The National Voice of America Museum of Broadcasting will transform the former Bethany Station, a 30,000 sq. ft. building originally designed as the world’s most powerful radio transmission facility, into an educational resource for the region and the nation. Using a concept master plan developed by the acclaimed Jack Rouse and Associates, the facility will use state of the art displays and interactive experiences to relate the story of the Voice of America. Incorporating other related collections from Media Heritage and the Gray History of Wireless Museum, the new facility will have content of interest to wide demographic segments and age groups.
The development will be phased over several years as support is generated and construction and program design work is completed. Phase One calls for the construction of an event, meeting and exhibit center at the museum designed as a place to host meetings, lectures, and traveling displays. The 2,400 sq. ft. multi-purpose room will have a new ADA compliant entrance and modifications will be made to the building allowing barrier-free access to the main exhibit and meeting areas. Two modern rest rooms will also be added.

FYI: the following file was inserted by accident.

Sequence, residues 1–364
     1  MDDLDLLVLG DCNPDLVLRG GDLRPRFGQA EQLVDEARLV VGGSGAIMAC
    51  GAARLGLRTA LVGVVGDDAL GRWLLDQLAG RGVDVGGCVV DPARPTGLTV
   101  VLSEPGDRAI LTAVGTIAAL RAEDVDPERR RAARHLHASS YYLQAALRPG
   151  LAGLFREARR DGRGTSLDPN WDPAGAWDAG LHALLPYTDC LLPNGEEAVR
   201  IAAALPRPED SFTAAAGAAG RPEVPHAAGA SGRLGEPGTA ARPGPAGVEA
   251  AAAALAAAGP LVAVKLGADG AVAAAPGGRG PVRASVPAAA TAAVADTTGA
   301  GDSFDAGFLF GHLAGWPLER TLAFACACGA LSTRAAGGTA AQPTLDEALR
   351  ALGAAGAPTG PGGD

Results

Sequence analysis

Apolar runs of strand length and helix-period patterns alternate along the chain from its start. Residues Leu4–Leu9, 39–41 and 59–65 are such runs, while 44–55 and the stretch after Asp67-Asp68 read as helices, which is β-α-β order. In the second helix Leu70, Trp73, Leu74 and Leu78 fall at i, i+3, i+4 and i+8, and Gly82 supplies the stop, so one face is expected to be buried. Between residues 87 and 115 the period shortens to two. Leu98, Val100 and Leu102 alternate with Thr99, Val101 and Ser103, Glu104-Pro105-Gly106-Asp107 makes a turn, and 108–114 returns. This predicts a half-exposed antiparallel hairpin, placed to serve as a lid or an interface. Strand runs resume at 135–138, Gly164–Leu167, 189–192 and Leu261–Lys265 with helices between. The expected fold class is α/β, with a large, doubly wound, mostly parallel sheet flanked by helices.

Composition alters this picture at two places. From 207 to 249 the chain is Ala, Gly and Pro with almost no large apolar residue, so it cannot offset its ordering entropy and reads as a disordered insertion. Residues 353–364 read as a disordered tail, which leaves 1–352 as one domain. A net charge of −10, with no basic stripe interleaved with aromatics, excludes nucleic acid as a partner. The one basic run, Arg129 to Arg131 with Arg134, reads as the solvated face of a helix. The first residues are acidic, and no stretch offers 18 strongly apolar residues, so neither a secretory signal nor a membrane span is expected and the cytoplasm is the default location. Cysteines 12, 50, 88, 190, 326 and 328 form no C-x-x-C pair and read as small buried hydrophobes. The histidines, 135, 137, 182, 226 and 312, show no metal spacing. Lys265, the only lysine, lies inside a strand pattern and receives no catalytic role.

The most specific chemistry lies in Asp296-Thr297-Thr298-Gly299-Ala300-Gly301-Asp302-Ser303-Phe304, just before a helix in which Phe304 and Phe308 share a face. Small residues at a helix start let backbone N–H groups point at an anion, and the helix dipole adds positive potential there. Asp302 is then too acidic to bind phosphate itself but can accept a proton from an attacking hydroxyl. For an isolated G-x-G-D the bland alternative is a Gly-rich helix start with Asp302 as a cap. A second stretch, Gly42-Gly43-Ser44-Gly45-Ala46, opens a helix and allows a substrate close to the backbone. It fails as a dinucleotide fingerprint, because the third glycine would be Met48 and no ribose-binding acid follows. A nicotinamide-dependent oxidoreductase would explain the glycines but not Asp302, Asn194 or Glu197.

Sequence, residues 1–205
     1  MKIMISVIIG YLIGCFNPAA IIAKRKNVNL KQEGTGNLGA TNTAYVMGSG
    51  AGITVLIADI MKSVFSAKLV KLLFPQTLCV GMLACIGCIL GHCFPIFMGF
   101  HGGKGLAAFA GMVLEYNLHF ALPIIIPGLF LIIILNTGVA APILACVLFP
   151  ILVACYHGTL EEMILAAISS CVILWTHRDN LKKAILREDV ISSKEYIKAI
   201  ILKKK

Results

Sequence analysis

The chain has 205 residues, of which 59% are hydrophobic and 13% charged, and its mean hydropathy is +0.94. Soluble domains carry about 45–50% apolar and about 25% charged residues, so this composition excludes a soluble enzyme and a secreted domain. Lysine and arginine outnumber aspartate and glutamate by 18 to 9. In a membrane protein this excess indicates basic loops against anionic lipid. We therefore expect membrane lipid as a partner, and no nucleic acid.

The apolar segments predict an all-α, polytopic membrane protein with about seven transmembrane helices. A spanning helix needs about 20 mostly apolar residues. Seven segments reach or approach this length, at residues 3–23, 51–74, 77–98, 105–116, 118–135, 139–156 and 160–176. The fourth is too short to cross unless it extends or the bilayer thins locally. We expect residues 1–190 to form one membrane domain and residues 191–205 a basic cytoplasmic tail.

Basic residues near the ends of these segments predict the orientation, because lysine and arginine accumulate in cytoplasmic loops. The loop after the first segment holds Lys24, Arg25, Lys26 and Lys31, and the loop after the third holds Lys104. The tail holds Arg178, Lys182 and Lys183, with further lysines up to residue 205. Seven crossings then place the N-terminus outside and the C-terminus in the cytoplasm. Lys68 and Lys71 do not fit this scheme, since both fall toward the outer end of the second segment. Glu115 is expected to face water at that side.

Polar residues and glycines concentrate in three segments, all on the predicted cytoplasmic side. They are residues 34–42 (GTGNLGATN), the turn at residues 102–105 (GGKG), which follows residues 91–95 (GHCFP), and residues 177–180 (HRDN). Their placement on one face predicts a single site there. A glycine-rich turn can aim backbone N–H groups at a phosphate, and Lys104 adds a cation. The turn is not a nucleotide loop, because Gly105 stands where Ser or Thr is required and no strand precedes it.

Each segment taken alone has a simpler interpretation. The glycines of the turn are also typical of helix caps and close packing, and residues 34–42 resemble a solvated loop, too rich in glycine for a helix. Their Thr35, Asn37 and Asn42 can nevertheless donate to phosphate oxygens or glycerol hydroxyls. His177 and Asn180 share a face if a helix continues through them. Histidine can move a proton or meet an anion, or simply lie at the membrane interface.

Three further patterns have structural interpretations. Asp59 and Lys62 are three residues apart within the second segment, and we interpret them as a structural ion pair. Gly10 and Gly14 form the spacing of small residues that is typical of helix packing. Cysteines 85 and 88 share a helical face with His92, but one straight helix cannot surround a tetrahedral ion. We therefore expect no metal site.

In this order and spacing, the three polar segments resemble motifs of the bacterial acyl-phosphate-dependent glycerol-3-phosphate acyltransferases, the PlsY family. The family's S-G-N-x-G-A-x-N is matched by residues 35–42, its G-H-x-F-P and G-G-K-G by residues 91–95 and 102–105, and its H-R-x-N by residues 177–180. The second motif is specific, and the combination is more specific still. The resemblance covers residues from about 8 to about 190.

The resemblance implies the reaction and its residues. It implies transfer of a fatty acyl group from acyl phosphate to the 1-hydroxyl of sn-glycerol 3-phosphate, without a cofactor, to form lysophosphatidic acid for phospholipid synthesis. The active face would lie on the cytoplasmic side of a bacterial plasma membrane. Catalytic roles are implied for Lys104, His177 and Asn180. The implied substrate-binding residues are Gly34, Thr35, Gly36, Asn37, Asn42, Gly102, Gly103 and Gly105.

Phase Two will modify the main transmitter room which once housed the six high power short wave transmitters. This area will be the main exhibition concourse. The space will be restored to the ambiance of the 1940s, complete with the original second level observation platform located off the main lobby. The main exhibit space will feature an 8,000+ open area and another 5,000 sq. ft. of smaller display room. Archival and support offices will occupy the second floor of the main building. There will still be some 3,000 sq. ft. of undeveloped space.
Funding is being sought for Phase One of the plan and requires an investment of about $1 million.